February half term is a difficult children’s school holiday to amuse children after the Christmas and New Year period. It is still cold, wet and dark, no twinkling Christmas lights and the excitement of the holiday season to keep the cabin fever at bay. So, I decided to drag my 11-year-old son and 13-year- old daughter out into the fresh cold air to Whitby’s Museum and a walk through Pannett Park as a good half term filler day today. One of the perks of being a local Whitby resident (with proof of residency) is that admission is free but to help support this fantastic Victorian museum you must pop a donation into Clarence the crocodile that guards the entrance to the museum.
Whitby Museum and art gallery can be found within the land of Pannett Park. This land was bought by Robert Elliott Pannett in 1902, over 116 years ago. This land was used for market gardens, nurseries and orchards at this time. Mr Pannett championed this land to be for the people of Whitby to enjoy a different environment of trees and flowers in contrast to the beach and cliffs of Whitby. The council at this time did not support his vision until after his death. He had set up a trust to create such a park, with a museum and it has be enjoyed by visitors and locals ever since. It is maintained by the Friends of Pannett Park with funding from the Heritage Lottery Fund and Big Lottery Fund Parks. This park has paths that lead to fossils, crocodiles with squirrels running about and a floral clock display.
There is a maritime themed play area just outside of the museum which features a pirate ship, a sea monster, a crow’s nest and a dinosaur egg feature. This area fuels any child’s imagination whilst running around from swings to bridges to becoming a captain of a sail boat, with Whitby Abbey in the background. My son when he was little used to call Pannett Park, “Panic Park” but it does become “Panic Park” when they go off in search of hidden features under a tree in the park. This play area is a great place to keep them entertained and burn off energy.
The museum that was opened in 1931 but it was actually established back in 1823 as an art gallery that houses local artists and The Staithes group, this part of the museum is free to view. The actual museum holds glass cabinets filled full of Jurassic fossils and walls that are covered with remains of the gigantic beasts that have been found in the local area. There are vast displays of jet that was crafted in Whitby and history of this craft. In the natural history section of the museum, there are animals and birds that can be found in this local area. Once taking my young niece around, she asked why were the birds frozen? I told her they were under a spell and they couldn’t move! I didn’t want to scar her for life, with the fact they were running or flying around in the early 19th century!
There are various exhibitions during the year that are on the top floor with a costume gallery and on the ground floor. Today we saw displays of beach wear from the Victorian period up to the fifties from visitors that came to Whitby would have worn. We went back down to the explorer’s wing to view the story of Captain Cook and the Scoresby’s. After looking through treasures from far off lands from the other side of the world, you can then view many local historical treasures in more cabinets found around Whitby and its surrounding area such as pottery and stone age finds. Another wing is home to the shipping history of Whitby with boats upon boats and even boats in light bulbs and bottles.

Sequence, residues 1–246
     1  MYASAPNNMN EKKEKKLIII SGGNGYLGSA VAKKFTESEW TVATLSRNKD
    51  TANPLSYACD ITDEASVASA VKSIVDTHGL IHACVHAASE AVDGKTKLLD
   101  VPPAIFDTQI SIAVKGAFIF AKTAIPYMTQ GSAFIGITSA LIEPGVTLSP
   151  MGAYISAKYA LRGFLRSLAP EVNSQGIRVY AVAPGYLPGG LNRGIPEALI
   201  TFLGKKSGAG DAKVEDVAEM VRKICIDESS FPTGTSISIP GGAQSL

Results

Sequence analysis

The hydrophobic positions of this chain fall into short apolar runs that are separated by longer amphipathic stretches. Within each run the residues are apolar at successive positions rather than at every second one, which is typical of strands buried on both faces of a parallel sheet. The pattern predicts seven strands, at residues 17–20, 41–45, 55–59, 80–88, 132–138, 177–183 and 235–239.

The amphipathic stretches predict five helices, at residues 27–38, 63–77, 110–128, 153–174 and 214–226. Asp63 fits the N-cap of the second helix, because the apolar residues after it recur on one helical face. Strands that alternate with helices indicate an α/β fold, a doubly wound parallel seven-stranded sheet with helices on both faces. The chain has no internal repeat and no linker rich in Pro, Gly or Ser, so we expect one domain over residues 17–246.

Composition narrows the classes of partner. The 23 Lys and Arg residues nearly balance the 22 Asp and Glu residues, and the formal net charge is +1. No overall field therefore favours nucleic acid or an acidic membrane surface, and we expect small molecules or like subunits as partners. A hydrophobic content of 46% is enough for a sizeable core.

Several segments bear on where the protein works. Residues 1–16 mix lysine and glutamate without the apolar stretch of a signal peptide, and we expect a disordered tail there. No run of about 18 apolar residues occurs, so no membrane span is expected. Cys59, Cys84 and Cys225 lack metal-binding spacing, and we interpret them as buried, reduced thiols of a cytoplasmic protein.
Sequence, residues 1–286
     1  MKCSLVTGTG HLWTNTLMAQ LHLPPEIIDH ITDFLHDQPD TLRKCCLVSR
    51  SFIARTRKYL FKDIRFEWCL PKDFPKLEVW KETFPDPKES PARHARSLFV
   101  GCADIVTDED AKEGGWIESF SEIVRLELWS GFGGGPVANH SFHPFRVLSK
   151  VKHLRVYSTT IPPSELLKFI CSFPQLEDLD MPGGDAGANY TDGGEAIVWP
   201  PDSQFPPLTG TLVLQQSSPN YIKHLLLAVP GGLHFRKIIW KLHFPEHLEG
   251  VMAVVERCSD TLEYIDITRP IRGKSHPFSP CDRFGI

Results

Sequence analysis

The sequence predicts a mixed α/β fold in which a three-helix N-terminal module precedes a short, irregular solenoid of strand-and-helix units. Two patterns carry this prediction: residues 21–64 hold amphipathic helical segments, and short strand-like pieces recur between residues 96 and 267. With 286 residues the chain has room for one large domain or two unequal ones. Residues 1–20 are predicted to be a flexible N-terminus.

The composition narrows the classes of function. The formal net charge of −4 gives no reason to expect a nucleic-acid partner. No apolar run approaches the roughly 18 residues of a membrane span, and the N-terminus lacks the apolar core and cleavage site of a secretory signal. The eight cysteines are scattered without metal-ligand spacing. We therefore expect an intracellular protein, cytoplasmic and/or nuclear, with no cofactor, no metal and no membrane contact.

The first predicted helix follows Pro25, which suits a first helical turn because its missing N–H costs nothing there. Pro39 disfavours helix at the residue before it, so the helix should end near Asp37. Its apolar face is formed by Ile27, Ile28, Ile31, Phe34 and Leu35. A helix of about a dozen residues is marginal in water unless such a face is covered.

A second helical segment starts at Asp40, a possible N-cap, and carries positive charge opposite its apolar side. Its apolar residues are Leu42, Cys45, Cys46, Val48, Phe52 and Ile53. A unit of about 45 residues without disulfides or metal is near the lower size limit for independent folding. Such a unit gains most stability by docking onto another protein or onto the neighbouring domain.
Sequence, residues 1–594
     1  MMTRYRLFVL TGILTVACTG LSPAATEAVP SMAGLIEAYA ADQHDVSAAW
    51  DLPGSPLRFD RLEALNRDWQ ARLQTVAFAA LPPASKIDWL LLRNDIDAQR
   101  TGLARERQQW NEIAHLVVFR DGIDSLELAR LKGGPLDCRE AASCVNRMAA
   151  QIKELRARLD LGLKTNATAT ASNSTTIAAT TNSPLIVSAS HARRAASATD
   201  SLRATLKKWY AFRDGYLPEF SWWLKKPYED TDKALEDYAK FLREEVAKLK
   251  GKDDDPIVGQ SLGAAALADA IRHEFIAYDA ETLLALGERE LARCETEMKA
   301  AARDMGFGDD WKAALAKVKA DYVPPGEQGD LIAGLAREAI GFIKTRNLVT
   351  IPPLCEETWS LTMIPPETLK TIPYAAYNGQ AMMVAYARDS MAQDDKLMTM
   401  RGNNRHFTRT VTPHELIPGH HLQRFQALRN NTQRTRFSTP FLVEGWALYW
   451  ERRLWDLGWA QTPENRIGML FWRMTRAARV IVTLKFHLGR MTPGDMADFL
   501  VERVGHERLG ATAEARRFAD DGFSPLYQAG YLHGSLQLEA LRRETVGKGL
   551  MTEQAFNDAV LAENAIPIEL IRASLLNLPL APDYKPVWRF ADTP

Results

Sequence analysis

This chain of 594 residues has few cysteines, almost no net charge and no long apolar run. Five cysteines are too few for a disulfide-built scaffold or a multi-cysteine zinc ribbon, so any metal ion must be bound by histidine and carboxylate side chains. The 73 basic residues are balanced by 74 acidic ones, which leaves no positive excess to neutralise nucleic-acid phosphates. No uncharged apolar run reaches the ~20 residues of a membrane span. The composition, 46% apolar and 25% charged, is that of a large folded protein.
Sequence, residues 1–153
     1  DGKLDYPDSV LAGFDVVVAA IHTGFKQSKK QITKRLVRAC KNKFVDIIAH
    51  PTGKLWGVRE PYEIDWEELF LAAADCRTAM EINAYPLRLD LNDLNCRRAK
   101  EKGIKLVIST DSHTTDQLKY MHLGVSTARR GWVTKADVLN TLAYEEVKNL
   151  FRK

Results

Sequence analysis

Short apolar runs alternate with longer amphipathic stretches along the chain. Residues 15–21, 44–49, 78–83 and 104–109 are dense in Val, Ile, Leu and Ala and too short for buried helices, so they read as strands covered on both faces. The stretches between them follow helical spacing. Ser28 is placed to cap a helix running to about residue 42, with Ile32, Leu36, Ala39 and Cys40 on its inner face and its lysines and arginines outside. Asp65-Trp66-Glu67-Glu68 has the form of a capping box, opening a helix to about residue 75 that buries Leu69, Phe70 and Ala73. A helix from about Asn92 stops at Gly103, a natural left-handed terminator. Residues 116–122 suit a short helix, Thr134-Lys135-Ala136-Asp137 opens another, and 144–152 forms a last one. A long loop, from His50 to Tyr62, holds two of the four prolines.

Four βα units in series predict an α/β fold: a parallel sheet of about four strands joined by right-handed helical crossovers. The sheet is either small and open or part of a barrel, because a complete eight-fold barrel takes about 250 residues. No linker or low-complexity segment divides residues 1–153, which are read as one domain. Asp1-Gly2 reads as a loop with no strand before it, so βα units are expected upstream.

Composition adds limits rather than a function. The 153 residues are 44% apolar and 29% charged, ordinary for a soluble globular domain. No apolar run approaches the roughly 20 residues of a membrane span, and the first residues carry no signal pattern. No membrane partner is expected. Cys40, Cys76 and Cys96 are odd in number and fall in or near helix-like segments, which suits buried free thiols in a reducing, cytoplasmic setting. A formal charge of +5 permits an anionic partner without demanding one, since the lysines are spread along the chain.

I always like to save the Hand of Glory for last, this is the ultimate exhibit of the museum. This is the urban legend of a decapitated hand that would send home owners to sleep whilst they were looted in the night. It is said that these hands came from being cut off whilst a body was still swinging at the gallows. It would be pickled, and it would also be the right hand- the fingers would be lit during the deed of robbing their victim. If one the fingers did not stay lit, it would mean that someone in the house would stay awake. Whitby Museum has homed this item since 1935 after it was found in thatched cottage in Castleton. There are plenty of horrible history items in the museum to find and cabinet full of leeches is an interesting sight.
Hot Chocolate at Java Café
To lure my children to the museum and to get some fresh air in their lungs away from gadgets and my daughter becoming a social media celebrity on Musical.ly, I promised them a Mini Egg caramel hot chocolate at Java Café, Whitby on Flowergate. I had a cookies and cream mocha topped with mini Oreos to warm me up. They did not disappoint, and these drinks were well worth leaving the comfort of my four walls for. This café has a wide menu range and it is nice to sit in the window and watch the world go by. But I had used up my teenager’s time, so I had to sit upstairs so that her friends would not see her with me!! I had l already been ordered on the way down to cross over the road, so that she was not spotted under parental guidance in public by some children her own age!
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Overall Pannett Park and Whitby Museum is wonderful place to go in any season to view its treasures and to encourage any age group to partake in fresh air and learn history. Just like Robert Pannett envisioned 116 years ago, this park is a haven of flowers and trees amongst the beaches and cliffs of Whitby.